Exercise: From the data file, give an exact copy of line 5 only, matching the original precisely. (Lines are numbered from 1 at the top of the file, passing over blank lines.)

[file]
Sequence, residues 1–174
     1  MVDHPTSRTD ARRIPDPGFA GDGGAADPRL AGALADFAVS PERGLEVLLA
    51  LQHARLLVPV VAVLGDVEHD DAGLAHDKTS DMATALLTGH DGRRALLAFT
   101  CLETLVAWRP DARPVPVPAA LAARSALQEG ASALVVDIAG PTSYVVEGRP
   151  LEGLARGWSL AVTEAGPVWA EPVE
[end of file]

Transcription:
   151  LEGLARGWSL AVTEAGPVWA EPVE